|register variables in C. firstname.lastname@example.org (1992-04-22)|
|Static vs. dynamic analysis email@example.com (Chuck Lins) (1992-04-24)|
|Re: Static vs. dynamic analysis firstname.lastname@example.org (1992-04-26)|
|Re: Static vs. dynamic analysis email@example.com (1992-04-26)|
|Re: Static vs. dynamic analysis firstname.lastname@example.org (1992-04-27)|
|Re: Static vs. dynamic analysis email@example.com (1992-05-11)|
|Re: Static vs. dynamic analysis firstname.lastname@example.org (1992-05-12)|
|From:||email@example.com (Alex Zatsman)|
|Organization:||Analog Devices, Inc.|
|Date:||Mon, 11 May 1992 17:01:02 GMT|
In article 92-04-129 firstname.lastname@example.org
(Chuck Lins) writes:
> ... dynamic information is usually better for the compiler than static
> information in producing good code. ...
> ... [but] there's no guarantee that any particular run is a typical run.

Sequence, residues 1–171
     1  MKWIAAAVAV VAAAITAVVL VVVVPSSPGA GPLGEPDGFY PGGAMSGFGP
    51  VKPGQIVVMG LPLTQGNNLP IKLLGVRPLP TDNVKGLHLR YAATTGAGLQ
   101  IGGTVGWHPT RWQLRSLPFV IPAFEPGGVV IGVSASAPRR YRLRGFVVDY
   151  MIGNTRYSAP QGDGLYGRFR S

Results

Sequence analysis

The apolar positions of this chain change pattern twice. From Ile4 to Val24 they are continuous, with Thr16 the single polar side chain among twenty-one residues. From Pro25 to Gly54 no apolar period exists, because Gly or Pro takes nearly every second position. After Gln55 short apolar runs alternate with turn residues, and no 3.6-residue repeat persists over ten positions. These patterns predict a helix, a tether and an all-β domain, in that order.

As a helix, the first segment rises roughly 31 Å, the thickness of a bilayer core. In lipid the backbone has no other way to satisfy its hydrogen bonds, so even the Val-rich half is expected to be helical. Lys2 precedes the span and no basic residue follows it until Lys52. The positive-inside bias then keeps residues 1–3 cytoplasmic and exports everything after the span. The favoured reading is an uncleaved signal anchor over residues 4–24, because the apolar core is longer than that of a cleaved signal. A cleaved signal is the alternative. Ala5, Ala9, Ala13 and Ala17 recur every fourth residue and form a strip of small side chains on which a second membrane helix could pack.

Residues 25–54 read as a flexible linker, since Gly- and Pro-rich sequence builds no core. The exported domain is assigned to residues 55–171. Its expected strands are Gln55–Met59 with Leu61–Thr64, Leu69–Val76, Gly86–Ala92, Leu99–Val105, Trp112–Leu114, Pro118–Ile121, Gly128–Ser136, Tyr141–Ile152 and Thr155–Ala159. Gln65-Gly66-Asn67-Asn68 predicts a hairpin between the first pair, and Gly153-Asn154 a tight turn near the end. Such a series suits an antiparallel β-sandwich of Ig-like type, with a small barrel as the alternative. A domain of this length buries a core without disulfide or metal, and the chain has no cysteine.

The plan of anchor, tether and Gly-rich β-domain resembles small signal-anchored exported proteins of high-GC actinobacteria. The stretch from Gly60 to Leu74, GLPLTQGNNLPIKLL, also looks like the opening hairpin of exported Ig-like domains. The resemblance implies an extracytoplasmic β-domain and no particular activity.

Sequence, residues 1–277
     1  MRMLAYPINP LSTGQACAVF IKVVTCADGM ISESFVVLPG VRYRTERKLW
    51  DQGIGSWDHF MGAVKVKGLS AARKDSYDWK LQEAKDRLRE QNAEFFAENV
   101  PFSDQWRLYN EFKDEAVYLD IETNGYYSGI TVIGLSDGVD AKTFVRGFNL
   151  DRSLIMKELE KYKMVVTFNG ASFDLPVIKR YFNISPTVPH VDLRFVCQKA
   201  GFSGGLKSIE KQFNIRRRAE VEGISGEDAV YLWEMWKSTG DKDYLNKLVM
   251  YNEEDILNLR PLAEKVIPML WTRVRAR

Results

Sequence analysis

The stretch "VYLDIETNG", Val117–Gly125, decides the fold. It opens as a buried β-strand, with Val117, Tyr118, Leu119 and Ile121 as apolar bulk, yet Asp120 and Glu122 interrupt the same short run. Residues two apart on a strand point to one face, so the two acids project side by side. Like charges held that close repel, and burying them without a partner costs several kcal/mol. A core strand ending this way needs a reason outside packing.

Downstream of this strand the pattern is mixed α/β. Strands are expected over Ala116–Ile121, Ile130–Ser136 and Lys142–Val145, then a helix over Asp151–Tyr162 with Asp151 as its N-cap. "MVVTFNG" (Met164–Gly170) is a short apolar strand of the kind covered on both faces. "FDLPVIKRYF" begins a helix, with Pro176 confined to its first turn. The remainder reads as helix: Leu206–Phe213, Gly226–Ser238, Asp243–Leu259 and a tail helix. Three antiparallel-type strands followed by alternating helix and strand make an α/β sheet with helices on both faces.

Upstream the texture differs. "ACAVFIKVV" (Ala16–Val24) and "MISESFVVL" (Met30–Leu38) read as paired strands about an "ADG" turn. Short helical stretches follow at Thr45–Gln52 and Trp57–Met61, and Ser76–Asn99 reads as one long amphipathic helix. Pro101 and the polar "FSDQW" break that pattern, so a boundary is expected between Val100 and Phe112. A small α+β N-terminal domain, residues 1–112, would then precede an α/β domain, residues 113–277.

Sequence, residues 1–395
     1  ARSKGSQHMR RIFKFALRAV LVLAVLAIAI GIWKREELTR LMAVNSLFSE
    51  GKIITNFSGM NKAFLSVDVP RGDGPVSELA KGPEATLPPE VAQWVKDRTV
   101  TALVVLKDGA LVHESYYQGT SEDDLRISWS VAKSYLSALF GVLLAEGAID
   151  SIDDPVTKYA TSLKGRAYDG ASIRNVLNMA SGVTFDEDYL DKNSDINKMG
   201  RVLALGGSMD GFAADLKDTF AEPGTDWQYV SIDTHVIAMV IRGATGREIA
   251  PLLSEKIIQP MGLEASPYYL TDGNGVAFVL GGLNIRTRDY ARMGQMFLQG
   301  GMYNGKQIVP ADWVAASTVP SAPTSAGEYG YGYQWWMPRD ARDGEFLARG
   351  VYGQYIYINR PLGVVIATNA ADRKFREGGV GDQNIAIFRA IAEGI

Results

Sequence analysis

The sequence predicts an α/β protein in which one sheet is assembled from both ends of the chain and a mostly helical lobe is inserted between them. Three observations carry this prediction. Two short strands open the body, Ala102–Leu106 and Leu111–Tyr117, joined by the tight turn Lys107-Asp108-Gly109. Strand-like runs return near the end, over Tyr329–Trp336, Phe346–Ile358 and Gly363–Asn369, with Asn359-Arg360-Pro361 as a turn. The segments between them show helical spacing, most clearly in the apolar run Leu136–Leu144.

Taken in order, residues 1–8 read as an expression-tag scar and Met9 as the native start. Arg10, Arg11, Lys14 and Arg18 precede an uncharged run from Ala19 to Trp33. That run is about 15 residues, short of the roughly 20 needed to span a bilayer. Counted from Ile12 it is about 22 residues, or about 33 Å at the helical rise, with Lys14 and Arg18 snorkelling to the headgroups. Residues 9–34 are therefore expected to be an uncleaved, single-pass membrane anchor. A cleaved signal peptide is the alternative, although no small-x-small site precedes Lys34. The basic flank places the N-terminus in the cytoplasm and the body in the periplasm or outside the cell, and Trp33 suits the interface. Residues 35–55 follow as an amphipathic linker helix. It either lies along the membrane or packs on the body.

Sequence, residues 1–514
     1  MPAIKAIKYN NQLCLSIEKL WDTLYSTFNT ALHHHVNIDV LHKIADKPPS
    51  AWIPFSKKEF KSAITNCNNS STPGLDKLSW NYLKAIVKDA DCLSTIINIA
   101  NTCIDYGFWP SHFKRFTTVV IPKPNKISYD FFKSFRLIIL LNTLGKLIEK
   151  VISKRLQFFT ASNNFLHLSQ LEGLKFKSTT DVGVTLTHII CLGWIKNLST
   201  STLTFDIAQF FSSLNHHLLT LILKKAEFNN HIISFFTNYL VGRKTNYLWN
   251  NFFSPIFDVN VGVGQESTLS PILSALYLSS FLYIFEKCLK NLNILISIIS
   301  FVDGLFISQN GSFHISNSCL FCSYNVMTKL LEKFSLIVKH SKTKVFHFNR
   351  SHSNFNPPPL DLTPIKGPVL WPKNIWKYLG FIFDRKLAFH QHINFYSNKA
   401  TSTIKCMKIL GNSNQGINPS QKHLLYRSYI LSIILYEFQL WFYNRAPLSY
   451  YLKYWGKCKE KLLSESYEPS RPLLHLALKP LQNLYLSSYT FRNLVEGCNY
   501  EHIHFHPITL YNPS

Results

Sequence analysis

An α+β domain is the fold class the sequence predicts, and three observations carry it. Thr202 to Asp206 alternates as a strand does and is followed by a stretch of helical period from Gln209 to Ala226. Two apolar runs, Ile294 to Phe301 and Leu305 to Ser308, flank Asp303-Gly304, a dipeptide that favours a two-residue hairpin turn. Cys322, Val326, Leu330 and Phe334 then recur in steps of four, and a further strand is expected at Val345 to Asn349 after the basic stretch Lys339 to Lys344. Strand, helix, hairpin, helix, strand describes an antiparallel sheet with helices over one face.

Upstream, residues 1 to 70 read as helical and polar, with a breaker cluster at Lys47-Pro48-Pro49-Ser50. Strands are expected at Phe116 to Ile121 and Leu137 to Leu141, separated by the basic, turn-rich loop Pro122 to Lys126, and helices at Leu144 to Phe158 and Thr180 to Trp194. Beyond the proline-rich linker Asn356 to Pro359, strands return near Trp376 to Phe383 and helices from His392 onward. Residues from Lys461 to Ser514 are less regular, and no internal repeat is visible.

> Of course, one tries to choose a typical run, but you can be wrong.
I've spent some time working on a prototype code generator which took into
account profiling information (it assigned execution frequence to each arc
of the flow graph). The impression I've got is that the code generator is
not overly sensitive to that data, i.e. it often does not matter whether
a particular loop is executed one million times or ten million, but it
does matter if it is executed only once or twice. Thus even a non-typical
run produces useful information.
You might find the following two papers of interest:
W.G.Morris. CGG: A prototype coagulating code generator. In "Proceedings
of the SIGPLAN'91 Conference on Programming Language Design and
Implementation", Toronto 1991, pp. 45-58
Michael Karr. Code geneeration by coagulation. In "Proceedings of the
SIGPLAN'84 Symposium on Compiler Construction", 1984, pp. 1-12.
> Hopefully some bright PhD student will come along and do a thesis
> on the technique showing how it can be improved :-)
Michael Karr did just that in, I believe, 1983 at Harvard.
Analog Devices, Inc.
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